The world's leading soda makers — Coca-Cola, PepsiCo and the Dr Pepper Snapple Group — recently announced a drastic calorie cut in their drinks. But it seems that they are not the only ones bitten by the "go healthy" bug.

In 2010, 16 major food and beverage companies joined hands with the Healthy Weight Commitment Foundation. They announced that they would focus on reducing 1.5 trillion calories in their products by 2015.

They have already made good on their word.

An independent study funded by the Robert Wood Johnson Foundation has revealed that these companies have already recorded a whopping 6.4 trillion calorie reduction in products sold between 2007 and 2012 — more than four times the amount pledged.

This is great news for consumers, healthcare providers, thinkers, activists and policymakers all of whom have been worried about the growing statistics of obesity and related health conditions. These businesses produce approximately one-third of all calories in the U.S. food supply spanning from sweetened beverages, cereals, snacks, cookies, candies along with other fats and oils.

The overall effect of companies improving their products is that of 78 fewer calories consumed per person each day, and therefore a healthier America. While the researchers admitted that their focus was only on the calorie content and not other nutrients or ingredients, it is overall good news that everyone is rejoicing about.

Among the 16 companies who made the pledge, you will find everyday names like Bumble Bee Foods, ConAgra Foods, Campbell Soup Co., General Mills Inc., Kraft Foods Inc., Kellogg Co., Mars Inc., Nestle USA, McCormick & Co., PepsiCo Inc., Hillshire Brands, Post Foods/Ralston Foods, Coca-Cola Co., the J.M. Smucker Co., Hershey Co. and Unilever.

They have made it easy for consumers to maintain good health with a focus on fewer calories and smarter labeling. Intelligent buyers can read and follow this labeling to make wiser choices, both in terms of ingredients and portions.

The nutrition information on the packages has evolved to being intensely detailed, which means consumers will find it easy to make healthier buying choices. Having said that, the majority of buyers do not make these healthy choices consistently.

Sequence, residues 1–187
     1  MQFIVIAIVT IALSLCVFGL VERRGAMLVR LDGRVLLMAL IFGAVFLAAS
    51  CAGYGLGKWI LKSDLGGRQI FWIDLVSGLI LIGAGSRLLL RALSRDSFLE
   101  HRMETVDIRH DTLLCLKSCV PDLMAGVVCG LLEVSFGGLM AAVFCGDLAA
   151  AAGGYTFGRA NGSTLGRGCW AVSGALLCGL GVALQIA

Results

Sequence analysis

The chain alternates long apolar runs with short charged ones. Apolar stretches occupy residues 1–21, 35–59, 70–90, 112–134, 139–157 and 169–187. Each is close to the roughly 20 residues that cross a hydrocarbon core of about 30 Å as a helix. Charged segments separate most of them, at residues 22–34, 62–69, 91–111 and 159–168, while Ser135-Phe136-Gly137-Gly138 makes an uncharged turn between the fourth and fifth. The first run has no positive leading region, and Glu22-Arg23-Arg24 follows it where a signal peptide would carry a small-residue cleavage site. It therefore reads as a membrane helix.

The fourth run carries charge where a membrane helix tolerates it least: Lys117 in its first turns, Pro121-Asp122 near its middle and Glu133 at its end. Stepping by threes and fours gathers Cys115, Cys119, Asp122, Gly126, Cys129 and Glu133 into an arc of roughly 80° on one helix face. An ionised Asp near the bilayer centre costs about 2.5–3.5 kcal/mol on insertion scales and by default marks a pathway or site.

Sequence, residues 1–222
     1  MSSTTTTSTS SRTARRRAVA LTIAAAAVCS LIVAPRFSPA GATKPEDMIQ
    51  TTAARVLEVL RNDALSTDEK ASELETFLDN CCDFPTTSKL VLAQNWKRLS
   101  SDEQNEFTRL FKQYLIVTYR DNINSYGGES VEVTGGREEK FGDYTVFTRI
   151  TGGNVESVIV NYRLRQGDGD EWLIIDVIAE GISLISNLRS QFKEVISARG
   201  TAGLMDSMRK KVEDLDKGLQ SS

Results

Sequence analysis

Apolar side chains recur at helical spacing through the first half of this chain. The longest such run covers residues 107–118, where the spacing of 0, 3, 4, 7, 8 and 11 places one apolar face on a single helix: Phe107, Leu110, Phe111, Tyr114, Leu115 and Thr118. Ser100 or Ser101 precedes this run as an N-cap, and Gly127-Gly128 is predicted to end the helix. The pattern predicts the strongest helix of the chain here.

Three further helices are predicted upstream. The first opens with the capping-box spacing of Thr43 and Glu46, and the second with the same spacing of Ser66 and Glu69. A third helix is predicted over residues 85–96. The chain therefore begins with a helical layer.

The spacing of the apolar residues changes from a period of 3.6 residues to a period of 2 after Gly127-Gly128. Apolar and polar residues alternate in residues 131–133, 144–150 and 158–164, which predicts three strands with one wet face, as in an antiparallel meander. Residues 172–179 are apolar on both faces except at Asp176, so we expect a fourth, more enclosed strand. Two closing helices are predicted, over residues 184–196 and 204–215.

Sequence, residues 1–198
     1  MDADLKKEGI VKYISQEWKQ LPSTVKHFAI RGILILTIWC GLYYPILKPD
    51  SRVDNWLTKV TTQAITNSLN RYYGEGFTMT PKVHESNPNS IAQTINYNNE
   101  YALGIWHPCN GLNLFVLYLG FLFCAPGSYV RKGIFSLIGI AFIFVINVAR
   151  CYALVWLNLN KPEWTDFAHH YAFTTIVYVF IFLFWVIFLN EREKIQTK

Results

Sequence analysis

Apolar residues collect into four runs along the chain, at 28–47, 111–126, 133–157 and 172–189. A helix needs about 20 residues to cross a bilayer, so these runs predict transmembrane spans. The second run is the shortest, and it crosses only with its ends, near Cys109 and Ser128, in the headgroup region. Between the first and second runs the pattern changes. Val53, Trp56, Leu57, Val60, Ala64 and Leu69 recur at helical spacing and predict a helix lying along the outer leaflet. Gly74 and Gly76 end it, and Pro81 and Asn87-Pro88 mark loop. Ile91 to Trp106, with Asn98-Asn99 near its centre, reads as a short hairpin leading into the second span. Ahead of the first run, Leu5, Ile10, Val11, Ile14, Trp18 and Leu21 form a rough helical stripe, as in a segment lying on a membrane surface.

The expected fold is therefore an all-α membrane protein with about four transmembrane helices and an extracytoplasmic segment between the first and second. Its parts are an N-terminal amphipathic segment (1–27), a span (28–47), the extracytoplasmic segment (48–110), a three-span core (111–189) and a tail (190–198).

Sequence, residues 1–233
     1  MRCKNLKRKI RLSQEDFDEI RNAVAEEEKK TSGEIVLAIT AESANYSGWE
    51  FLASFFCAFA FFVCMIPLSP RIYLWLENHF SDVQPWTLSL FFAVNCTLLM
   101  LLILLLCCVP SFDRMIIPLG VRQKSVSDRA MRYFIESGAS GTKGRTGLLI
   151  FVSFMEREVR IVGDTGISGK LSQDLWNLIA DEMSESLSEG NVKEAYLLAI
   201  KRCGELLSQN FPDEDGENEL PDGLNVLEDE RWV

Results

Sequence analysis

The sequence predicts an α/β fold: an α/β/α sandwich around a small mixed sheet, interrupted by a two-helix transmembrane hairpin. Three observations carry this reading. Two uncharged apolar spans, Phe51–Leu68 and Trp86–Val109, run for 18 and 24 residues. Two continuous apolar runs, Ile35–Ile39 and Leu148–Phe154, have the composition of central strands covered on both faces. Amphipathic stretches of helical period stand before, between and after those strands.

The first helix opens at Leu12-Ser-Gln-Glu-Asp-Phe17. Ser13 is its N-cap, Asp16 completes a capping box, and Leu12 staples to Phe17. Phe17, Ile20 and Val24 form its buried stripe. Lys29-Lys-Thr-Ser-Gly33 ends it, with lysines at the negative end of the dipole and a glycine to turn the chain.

Most people tend to carry on with fast food or processed food purchases until health or age create a barrier. The decision to reduce the calorie content right in the product is a big boon for people who may not always make the healthy choice.

Most of the 6.4 trillion calorie reduction occurred in sweet snacks and drinks. Careful reformulations that included efforts like reducing the fat and sugar content in these products have resulted in the above figure. Though it does not necessarily mean "healthy," it is a step in the right direction.

Many experts believe that even with a strong corporate convergence, it may not be easy to stem the epidemic that is causing so much health distress. As per government data, 34 percent of adult Americans were obese from 2007-08, and the figure rose to 35 percent from 2011-12. In such a scenario, any effort is welcome no matter how tough the job is and who it comes from.

Since the announcement made in January, there have been many studies conducted to see the correlation between these products and the obesity rates in the country. Even food companies that did not take part in the pledge reduced the calorie content in their products from 2000 to 2007, as per recent research conducted by the University of North Carolina.

The researchers also found that 66 fewer calories per person per day were sold in 2012 than in 2007 in the 61,126 households that participated in the research. These families, with 2-to-18-year-olds, formed the basis for greater reflection of American buying trends.